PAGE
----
I am currently sitting on the sofa at my mother-in-law’s beach house. It is a modest, two-level townhouse style home, attached to one other house via the living room wall. It sits about 500 yards from the pacific ocean, protected from the harsh winds of Cape Kiwanda by a large sand dune. It is quiet now. My wife is hanging out with our two oldest girls, the youngest is asleep, and my mother-in-law is out for a jog on the beach.
I’ve been thinking a lot this week about gratitude. As I sat on the beach yesterday with a cold beer, watching my two oldest girls build sand castles, I got to thinking about the culture we live in, and how we are taught from the womb to want more. Don’t believe me? Watch television for longer than 5 minutes and you’ll see professional marketing teams doing their best to convince you that you can’t live without their new car, their new burger, or their new beer.
As we are raising three girls, we do our best to convey and instill in them a thankful heart. When they start grumbling about how dinner isn’t exactly what they want, we remind them that some kids don’t get dinner. As they complain about how they’ve read this book already, or played this game, we remind them that a lot of kids around not only the world, but right in our city, aren’t fortunate enough to have toys of their own.
As a millennial, I’m naturally drawn to the idea of resistance. What does it look like when someone, or a group of people, decide to resist the system? It looks like Martin Luther King. It looks like the Arab Spring. It looks like a group of protesters begging for the world to realize that Black Lives Matter.
Resistance is controversial. It disrupts the status quo. It throws a wrench into the well-oiled machine of “this is how we’ve always done it.” It empowers a the powerless, and gives voice to the silenced.
As I sat on that beach yesterday, sipping that ale, I started to think about gratitude as resistance. It’s not flashy. It’s not public. I’m not going on television, or using a hashtag. But what if it were just as meaningful?
I’m grateful for my family. I have a beautiful wife who loves me, and three incredible daughters who are turning into the funniest, kindest little girls. My parents are still happily married after 38 years, they live 10 minutes from me, and we actually get along. My sister and her husband live nearby with three more gorgeous daughters. Family isn’t always easy. We fight, we bicker, we get angry, but we stick with it. In a culture that says, “you deserve to be happy, have the affair,” I’ve chosen gratitude for my family.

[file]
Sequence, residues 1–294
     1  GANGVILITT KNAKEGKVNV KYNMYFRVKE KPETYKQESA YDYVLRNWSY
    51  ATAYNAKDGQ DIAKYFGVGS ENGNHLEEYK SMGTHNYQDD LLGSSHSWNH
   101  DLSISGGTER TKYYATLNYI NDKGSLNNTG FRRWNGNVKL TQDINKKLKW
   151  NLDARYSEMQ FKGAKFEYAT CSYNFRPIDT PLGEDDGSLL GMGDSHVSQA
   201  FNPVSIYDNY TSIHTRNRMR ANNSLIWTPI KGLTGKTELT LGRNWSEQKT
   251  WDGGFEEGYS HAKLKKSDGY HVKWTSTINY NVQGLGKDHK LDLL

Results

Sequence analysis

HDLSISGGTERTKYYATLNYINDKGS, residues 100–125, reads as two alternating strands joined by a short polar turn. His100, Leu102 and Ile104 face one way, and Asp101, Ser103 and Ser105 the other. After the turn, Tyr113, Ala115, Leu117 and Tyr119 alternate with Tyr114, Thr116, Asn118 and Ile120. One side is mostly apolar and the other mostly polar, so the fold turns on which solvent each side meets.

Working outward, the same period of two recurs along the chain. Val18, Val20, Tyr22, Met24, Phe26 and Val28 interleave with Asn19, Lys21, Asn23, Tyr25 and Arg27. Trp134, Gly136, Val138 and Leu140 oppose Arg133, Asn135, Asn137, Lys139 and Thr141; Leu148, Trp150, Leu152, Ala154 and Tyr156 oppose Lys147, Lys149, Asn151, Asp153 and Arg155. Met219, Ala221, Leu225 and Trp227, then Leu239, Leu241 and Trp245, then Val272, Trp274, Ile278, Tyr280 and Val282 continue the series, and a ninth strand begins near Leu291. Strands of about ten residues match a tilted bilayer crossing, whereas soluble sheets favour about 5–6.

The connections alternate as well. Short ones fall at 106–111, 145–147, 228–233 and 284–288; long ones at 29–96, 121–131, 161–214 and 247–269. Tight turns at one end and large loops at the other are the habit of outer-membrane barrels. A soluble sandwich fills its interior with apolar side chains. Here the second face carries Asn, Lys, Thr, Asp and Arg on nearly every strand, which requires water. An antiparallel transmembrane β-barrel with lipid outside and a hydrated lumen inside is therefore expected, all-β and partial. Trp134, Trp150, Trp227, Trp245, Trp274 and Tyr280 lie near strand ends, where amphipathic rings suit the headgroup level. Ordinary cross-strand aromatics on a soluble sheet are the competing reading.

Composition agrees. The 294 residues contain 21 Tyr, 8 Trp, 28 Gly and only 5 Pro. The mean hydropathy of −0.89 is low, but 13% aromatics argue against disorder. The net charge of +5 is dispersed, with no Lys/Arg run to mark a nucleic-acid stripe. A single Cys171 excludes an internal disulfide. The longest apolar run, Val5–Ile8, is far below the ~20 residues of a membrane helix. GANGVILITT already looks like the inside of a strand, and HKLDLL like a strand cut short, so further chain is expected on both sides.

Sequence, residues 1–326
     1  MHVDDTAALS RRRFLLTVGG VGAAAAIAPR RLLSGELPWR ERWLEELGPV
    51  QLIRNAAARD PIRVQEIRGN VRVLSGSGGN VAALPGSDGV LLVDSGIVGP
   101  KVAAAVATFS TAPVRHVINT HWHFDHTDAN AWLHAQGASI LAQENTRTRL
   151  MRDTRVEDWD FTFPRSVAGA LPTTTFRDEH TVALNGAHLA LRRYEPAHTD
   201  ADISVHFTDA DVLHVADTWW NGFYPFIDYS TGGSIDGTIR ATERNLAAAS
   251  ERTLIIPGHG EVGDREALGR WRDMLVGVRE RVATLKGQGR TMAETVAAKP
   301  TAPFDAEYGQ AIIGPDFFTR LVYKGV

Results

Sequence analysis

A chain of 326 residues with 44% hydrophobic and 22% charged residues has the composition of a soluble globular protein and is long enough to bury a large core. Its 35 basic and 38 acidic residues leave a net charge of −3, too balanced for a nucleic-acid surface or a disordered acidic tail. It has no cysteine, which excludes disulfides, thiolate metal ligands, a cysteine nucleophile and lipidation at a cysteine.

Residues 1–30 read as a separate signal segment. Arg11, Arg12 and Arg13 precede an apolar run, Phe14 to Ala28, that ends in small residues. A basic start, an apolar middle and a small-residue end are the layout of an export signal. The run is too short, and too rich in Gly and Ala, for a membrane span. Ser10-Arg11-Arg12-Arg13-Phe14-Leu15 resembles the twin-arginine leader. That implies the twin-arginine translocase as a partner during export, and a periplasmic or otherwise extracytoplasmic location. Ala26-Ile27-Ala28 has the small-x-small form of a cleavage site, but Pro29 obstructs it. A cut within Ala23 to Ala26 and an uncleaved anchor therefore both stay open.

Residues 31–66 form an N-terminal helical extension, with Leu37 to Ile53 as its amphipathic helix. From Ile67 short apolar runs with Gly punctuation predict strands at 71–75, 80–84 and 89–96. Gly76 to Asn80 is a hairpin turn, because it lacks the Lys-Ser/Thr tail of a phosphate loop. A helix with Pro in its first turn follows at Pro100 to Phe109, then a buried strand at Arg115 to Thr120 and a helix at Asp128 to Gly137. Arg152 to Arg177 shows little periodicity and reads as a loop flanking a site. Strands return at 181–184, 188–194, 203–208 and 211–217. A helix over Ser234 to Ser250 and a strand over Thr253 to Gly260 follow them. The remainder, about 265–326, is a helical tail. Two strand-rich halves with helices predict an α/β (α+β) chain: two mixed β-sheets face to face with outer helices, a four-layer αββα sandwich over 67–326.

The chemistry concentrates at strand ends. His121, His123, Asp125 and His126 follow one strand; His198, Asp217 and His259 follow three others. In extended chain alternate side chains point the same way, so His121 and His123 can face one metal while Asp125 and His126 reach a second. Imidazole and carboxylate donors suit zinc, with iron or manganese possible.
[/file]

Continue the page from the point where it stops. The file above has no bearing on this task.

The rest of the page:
I’m grateful for my job. I have a wonderful job, at a company that I love, doing something interesting. I draw a modest salary. Nothing to write home about, but enough that we can pay our bills, buy everything we need, and a few things that we want. It pays enough that my wife can stay home and raise our girls, something she’s always dreamed of doing. That is all made possible by my job. It’s not perfect, but it provides what we need.
I’m grateful for my country. Hear me out. I’m not a patriotic guy. I choose not to say the pledge of allegiance. It’s not that I hate America. Far from it. I am incredibly grateful for the privileges that I have simply by being born in this country. I can walk into any hospital in the country and they have to treat me, regardless of whether or not I’m insured. I can walk into any grocery store and unless there’s some sort of natural disaster, the shelves will be stocked with food.
I’m grateful for my safety. So many of my brothers and sisters can’t say this. I can tell my children, without any hesitation, that if they feel unsafe, they can go find a police officer, because the police are there to help them. I can tell them this because they are white skinned kids. So many of my black friends can’t say this. They can’t tell their kids with a straight face that the system will protect them, or look out for them, because all it takes is 5 minutes of CNN or Twitter to see that this is simply not the case.
There are untold other things that I can be thankful for. My cars (multiple), my food, my home, my 401k, or the beach house that I’m currently sitting in that I didn’t have to pay for. Every time I choose to be grateful for all of this, in a culture that tells me I should always be striving for more, I practice resistance. I take part in opposing the system. The system that tells me that I deserve the affair, or that cheating my way to a promotion is the right thing, or that if I just vote for the right candidate, all my needs will be taken care of. The system that tells me that my happiness is the most important thing in the world, and that whatever I have to do to make myself happy is not only okay, but in my best interest.
I don’t know your situation. I don’t know what battles you have to fight on a daily basis. Maybe you lost the job, or the house, or the baby, or the husband, or the 401k dried up. Maybe it feels like there’s nothing to be thankful for. Like the whole world is hell bent on your destruction. At the risk of sounding like a self-help preacher, find something. Find the smallest thing in your life to be thankful for. Did you wake up in a bed this morning? Did you have a cup of coffee? Is there enough money in your bank account to pay your bills? Regardless of whatever else is going on, the light is winning, and hope is here.
All you have to do is reach out and grab it.